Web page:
Verkor: Accelerating low‑carbon battery production in France

A digital rendering of Verkor's proposed Gigafactory in France's southeast © Verkor

French startup Verkor aims to raise up to €1.3bn by the end of next year to finance its first Gigafactory producing sustainable lithium-ion batteries for the European market


As the EU ramps up its efforts to transition the bloc away from fossil fuels, its agencies are driving the development of startups like Verkor, a French company that aims to produce 50+ GWh annually in low carbon battery cells by the end of the decade. 

Based in Grenoble in France’s southeast, Verkor was founded in July 2020 with support from EIT InnoEnergy, the EU’s clean energy accelerator and manager of the European Battery Alliance’s (EBA) industrial development program. Established by the European Commission in 2017 and supported by the European Investment Bank, the EBA was created to develop an innovative, sustainable and competitive battery value chain across Europe. 

The EBA estimates Europe’s battery industry will require some 800,000 trained workers and be worth €250bn a year by 2025. It first approached Verkor CEO and co-founder Benoit Lemaignan in 2019 to gauge his interest in leading a project to build a Gigafactory in southeast France. An aerospace engineer who had worked at Airbus before moving into climate impact consulting and investment financing, Lemaignan, who co-founded biomethane startup Waga Energy in 2015, was immediately interested.

“Sometimes opportunities happen a little bit by chance,” Lemaignan told CompassList in a recent interview. “I said [to the EBA], look, I’m not a battery guy, I’m not a car guy, but I know a little bit about finance and a little bit about entrepreneurship, so it could be interesting.”

Lemaignan began making calls, and the six-member co-founding team took shape within months. Each member brought specific experience in areas like efficient fuel technology, manufacturing, and strategic development. A year later, Verkor was born.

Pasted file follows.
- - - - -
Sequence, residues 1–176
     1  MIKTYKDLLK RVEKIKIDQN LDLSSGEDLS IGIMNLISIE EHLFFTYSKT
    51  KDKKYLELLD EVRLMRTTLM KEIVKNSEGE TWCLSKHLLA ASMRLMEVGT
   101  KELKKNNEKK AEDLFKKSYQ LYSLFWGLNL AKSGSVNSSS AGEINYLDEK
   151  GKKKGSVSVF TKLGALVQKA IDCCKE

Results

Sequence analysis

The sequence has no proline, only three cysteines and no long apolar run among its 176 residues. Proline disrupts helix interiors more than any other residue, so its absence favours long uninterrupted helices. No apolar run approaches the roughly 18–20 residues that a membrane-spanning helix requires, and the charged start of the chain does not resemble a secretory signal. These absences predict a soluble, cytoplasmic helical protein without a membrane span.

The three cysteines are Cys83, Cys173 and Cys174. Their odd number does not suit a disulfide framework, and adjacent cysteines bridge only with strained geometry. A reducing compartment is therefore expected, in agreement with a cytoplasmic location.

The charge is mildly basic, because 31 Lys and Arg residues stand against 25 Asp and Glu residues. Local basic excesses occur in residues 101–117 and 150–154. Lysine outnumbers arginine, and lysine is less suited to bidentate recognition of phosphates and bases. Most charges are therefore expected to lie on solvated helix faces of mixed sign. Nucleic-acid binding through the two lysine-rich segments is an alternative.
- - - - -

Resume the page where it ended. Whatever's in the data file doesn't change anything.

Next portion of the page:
Gigafactory by end-2024

Verkor’s first battery cells and modules will be produced at the Verkor Innovation Centre (VIC), which will house a pilot manufacturing line with a production capacity of 100 to 150 MWh, and is set to be fully operational by the end of 2022. The VIC will also host a research laboratory and training facility.  

Verkor CEO and co-founder Benoit Lemaignan © Verkor

By the end of 2024, the company aims to produce 16 GWh in lithium-ion batteries for the e-mobility and stationary storage markets at its first Gigafactory, producing large battery cells (pouch cells) and smaller cylindrical cells assembled into modules for clients.

We believe that batteries are going to be the oil of tomorrow

“Our mission is to accelerate the decarbonization not only of transport but of the way we produce and consume electricity,” Lemaignan said. “We believe that batteries are going to be the oil of tomorrow.”

Verkor says its clean, local technological and production business model, combined with France’s low-carbon energy mix – 76% from nuclear power and 23.4% from renewables – will ensure that its first “Made in France” batteries will have a carbon footprint four to five times smaller than those of its Chinese competitors.